[Cg1] Re: CPP Header files and local instances of classes

Leonhard Ferdinand Staut s9ldstau at stud.uni-saarland.de
Thu Nov 1 17:54:32 CET 2018


Hi Julian,

> If we look at the header file, we see two types of method stubs (how  
> do you call that again properly?): The ones inside the scope of the  
> class Vector and the ones OUTSIDE of that scope.
>
> What's the difference between those?

the ones inside the class are called methods, the ones outside are
called functions. (the proper term is declaration, not stub).
The main differences are what variables they can access and what
syntax you use to call them.

Methods are part of the class they are defined in.
- They have access to all private fields of the class. (Everything in
vector is public, so that doesn't really matter)
- They have an implicit parameter called "this" which is a pointer to
the object the method is called with.
- To call a method you use the dot syntax, e.g.:
Vector a(1.0,2.0,3.0);
a.length();
This creates a vector "a" and calls the "length" method on it. In this
case the implicit parameter "this" of the length method is a pointer
to "a".

Functions on the other hand are not part of any class. For that reason
they are sometimes also called free functions.
- They do not have access to private fields (again, everything is public
in the vector, so this part doesn't really matter)
- They do not have an implicit parameter
- To call a function you just pass in all the parameters or use the
syntactic sugar if it's one of the "operator" functions.
Vector a(1.0,2.0,3.0);
float f = 2.0;
f * a;
This creates a vector "a" and uses syntactic sugar to call the function
operator*(f, a). In this case there is no implicit parameter. Instead
the vector is passed explicitly.
Btw, this syntactic sugar also works for the operators that are
declared as methods.

> Also, the operators: Let's take a look at operator+(const Vector& b)  
> const, which is binary.

As mentioned before, operator+ has been declared inside the class.
Therefore it is a method and has an implicit "this" parameter, i.e. a
pointer to the current instance of the class. So technically this
method has two parameters, because you always call the method on a
vector instance and also pass in one additional vector, e.g. if you
have two vectors "a" and "b", then "a + b" is syntactic sugar for
"a.operator+(b)", which is supposed to add the vectors "a" and "b".

Why some of the operators have been defined as methods of the class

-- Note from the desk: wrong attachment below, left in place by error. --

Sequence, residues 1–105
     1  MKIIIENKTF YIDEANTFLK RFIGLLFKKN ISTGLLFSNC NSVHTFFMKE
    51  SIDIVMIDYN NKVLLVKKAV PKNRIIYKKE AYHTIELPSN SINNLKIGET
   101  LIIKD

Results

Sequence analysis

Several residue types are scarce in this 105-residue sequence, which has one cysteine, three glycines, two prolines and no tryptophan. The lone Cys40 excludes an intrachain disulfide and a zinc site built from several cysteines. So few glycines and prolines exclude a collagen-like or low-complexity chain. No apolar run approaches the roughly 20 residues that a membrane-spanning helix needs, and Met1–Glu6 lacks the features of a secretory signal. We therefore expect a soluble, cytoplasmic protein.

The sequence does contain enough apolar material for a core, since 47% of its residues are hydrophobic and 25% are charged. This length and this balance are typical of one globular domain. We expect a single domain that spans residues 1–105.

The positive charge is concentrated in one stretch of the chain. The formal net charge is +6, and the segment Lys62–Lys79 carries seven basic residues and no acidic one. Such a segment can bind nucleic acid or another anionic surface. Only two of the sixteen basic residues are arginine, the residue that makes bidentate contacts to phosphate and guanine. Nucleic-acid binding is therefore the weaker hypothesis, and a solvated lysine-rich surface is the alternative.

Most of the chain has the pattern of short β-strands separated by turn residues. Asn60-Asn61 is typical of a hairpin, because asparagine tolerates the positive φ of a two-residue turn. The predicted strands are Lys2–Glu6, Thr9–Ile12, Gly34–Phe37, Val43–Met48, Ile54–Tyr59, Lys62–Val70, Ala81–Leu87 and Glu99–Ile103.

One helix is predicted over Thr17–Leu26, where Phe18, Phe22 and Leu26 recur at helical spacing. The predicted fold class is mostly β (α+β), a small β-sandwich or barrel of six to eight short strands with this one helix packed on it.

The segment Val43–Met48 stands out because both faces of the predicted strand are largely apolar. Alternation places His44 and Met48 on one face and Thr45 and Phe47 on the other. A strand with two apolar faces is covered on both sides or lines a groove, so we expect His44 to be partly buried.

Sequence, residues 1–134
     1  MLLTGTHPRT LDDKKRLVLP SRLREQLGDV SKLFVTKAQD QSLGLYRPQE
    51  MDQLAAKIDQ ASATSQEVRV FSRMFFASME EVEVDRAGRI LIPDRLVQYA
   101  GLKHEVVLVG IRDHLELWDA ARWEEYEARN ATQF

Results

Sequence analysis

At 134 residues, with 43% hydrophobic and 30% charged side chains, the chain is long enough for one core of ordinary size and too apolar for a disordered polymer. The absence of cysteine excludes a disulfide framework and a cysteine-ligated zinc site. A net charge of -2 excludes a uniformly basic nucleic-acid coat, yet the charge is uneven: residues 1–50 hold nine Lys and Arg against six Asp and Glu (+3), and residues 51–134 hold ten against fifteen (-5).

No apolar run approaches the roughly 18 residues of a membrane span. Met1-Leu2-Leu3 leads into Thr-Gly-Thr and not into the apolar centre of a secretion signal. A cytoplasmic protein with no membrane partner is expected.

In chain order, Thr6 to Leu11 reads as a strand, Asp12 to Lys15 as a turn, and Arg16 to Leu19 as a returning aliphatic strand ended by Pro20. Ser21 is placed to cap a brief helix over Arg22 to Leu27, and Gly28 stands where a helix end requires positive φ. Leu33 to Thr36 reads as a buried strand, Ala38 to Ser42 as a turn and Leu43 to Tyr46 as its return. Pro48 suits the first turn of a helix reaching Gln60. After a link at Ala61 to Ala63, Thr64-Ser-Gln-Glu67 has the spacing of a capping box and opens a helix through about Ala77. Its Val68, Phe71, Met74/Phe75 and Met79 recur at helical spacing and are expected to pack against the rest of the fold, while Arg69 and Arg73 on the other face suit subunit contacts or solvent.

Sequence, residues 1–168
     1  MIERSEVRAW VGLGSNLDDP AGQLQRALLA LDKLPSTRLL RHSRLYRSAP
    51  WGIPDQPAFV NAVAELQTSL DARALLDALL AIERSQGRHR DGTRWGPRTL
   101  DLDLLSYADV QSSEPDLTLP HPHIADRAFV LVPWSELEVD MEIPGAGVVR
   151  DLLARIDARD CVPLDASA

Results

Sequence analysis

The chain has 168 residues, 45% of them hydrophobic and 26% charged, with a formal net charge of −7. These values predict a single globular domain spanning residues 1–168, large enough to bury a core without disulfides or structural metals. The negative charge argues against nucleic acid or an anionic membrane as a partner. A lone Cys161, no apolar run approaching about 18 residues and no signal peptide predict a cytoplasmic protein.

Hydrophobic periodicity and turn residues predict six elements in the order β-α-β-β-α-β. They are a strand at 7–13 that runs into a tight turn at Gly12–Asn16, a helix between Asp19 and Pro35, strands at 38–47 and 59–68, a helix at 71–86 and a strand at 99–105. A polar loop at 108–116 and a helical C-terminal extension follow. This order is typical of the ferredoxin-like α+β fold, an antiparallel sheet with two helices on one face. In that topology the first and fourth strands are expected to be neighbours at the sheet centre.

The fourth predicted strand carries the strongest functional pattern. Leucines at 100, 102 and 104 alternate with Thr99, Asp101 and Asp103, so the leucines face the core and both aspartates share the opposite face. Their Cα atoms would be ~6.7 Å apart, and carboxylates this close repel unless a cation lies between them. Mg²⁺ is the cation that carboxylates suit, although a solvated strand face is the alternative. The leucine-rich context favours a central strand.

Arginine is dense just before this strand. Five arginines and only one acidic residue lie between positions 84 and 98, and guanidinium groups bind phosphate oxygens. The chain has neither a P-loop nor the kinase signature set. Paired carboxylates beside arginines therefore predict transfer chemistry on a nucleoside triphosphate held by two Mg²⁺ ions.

while some others are free functions is a question I don't know the
answer to, especially since all fields of the vector are public
anyway. This design decision does indeed seem a little arbitrary.

> But it has only one argument. When trying to access the variables of  
> the current class (to use the binary operator when only one argument  
> is passed in the method), I have to create a new local instance of  
> the class inside the implementation of the operator. Can that be  
> right? I think this is super weird, because I am returning a new  
> instance of the class! Should I do this differently or is this not a  
> problem?

When implementing it, you can just access the x, y, z fields of the
current vector instance. Whenever you write "x" in the method, this
really means "this->x", i.e. the "x" of the vector you called the
method with.

Also, note how the method operator+ is declared. It returns a Vector
by value, and the method itself is declared as const (meaning the
method doesn't modify the fields of the vectors you passed in).
So yes, in the end you just have to return a new Vector instance which
is the result of the addition of the vector referenced by the "this"
parameter and the vector "b". Hint: can be done by just calling the
Vector constructor with the appropriate values, and returning that.

Some additional advice:
Put the implementation of the method in a different file, e.g.
vector.cpp. And make sure that you remember to write
Vector Vector::operator+(const Vector& b) const {
   // insert code here
}
so the compiler knows that operator+ is a method for the Vector class.
The functions you don't prefix with "Vector::" because they're not
part of the class.

I hope this helps.

Cheers,
Leo


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